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  #1  
Old 4th January 2017, 04:19 AM
stratacast1 Offline
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linuxfirefox
Move btrfs subvolume to new drive help

My entire /home directory is on a btrfs subvolume, and I'm trying to move it from a 1TB HDD to a 2TB HDD. I have done stuff like this before on EXT4, but I know btrfs works differently with its subvolumes. So here's my thought, and please correct my errors:

1. Plug in the new drive (assume from here current /home is on /dev/sdc and new drive is /dev/sdd)
2. mkfs.btrfs /dev/sdd (new btrfs filesystem on new drive)
3. mv /home /old_home (and make that edit to /etc/fstab)
4. mount /dev/sdd1 /home (I'm not sure if this is technically how btrfs would work)
5. Here there should be some btrfs send ... | btrfs receive ...

Then somewhere in there I just change the UUID in /etc/fstab to my new drive on /home and my new drive should have /home and my old drive be unused, so I can shut down my computer and unplug my old drive. I'm part way there, but I'm missing some detail in how to do this job
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  #2  
Old 7th January 2017, 12:36 AM
stratacast1 Offline
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linuxfirefox
Re: Move btrfs subvolume to new drive help

How about this....

Add the HDD, do a mirror and then remove the old HDD from the mirror once the new drive has everything written to it?
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  #3  
Old 9th January 2017, 05:33 AM
stratacast1 Offline
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linuxfirefox
Re: Move btrfs subvolume to new drive help

Nothing huh? Seems most people know little about filesystems (including myself here)..I'll risk my computer and report back then. Hopefully it'll help people later.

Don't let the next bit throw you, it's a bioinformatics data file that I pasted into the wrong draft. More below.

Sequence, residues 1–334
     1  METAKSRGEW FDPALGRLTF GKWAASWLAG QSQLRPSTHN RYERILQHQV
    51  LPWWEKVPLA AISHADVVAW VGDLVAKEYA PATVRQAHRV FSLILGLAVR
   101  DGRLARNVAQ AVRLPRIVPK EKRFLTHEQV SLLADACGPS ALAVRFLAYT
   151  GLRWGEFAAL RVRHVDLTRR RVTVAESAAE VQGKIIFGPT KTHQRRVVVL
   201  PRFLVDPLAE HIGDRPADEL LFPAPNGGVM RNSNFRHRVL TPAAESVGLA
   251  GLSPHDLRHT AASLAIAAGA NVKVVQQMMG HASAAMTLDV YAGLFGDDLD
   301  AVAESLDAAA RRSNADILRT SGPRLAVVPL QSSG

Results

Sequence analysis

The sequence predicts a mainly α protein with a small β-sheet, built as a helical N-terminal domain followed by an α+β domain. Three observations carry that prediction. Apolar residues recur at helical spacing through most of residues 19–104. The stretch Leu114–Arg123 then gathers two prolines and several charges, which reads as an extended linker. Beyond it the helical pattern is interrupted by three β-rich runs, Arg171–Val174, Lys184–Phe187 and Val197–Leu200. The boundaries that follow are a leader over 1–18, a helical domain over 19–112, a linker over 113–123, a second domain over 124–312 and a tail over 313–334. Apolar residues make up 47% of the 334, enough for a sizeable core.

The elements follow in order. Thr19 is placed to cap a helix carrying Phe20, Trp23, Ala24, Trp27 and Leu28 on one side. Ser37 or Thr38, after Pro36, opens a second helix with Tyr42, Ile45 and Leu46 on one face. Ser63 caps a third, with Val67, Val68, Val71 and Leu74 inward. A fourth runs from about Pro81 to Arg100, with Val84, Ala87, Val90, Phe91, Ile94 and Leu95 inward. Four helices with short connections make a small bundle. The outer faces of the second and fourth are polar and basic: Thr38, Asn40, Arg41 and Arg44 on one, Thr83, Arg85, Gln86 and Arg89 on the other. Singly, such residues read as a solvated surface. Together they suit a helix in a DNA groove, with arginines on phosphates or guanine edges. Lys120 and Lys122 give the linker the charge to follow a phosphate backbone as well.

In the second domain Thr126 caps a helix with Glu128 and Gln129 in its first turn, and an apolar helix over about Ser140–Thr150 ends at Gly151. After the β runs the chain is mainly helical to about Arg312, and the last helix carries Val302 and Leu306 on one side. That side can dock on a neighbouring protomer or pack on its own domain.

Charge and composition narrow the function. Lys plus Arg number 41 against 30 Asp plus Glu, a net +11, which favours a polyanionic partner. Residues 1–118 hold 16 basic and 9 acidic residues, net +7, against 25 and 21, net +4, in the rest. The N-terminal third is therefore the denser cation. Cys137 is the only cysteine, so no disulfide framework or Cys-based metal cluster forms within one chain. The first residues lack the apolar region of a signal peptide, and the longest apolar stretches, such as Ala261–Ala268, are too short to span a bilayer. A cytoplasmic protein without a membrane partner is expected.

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  #4  
Old 9th January 2017, 09:49 AM
Dutchy Offline
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linuxfedorafirefox
Re: Move btrfs subvolume to new drive help

There are multiple ways to do it. Send/receive seems to be the btrfs way, btrfs mirroring is also an option but seems a bit convoluted and disk cloning would take quite a bit of extra time. Besides that you could also just keep it simple and cp or rsync your home to the new drive after you create the btrfs file system and subvolume (you would need to use the right flags and there are some caveats). However you do it you should probably do this as root (user logged out) and then just make the changes in fstab if the fs handle changes.
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  #5  
Old 9th January 2017, 06:31 PM
ndc333 Offline
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linuxchrome
Re: Move btrfs subvolume to new drive help

thinking aloud. why not just use the btrfs pool ie -> btrfs device add ; btrfs balance ; btrfs delete the old drive! then add the new uuid to fstab ; mount -a (btrfs is like the terminator 2 -> it just speads the fs over any storage media you tell it to) look up the add and delete commands.
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  #6  
Old 17th January 2017, 05:47 PM
stratacast1 Offline
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linuxfirefox
Re: Move btrfs subvolume to new drive help